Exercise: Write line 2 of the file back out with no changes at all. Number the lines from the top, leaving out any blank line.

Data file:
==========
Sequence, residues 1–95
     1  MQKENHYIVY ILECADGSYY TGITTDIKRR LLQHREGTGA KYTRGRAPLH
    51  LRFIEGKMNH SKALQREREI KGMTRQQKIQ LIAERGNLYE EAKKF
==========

     1  MQKENHYIVY ILECADGSYY TGITTDIKRR LLQHREGTGA KYTRGRAPLH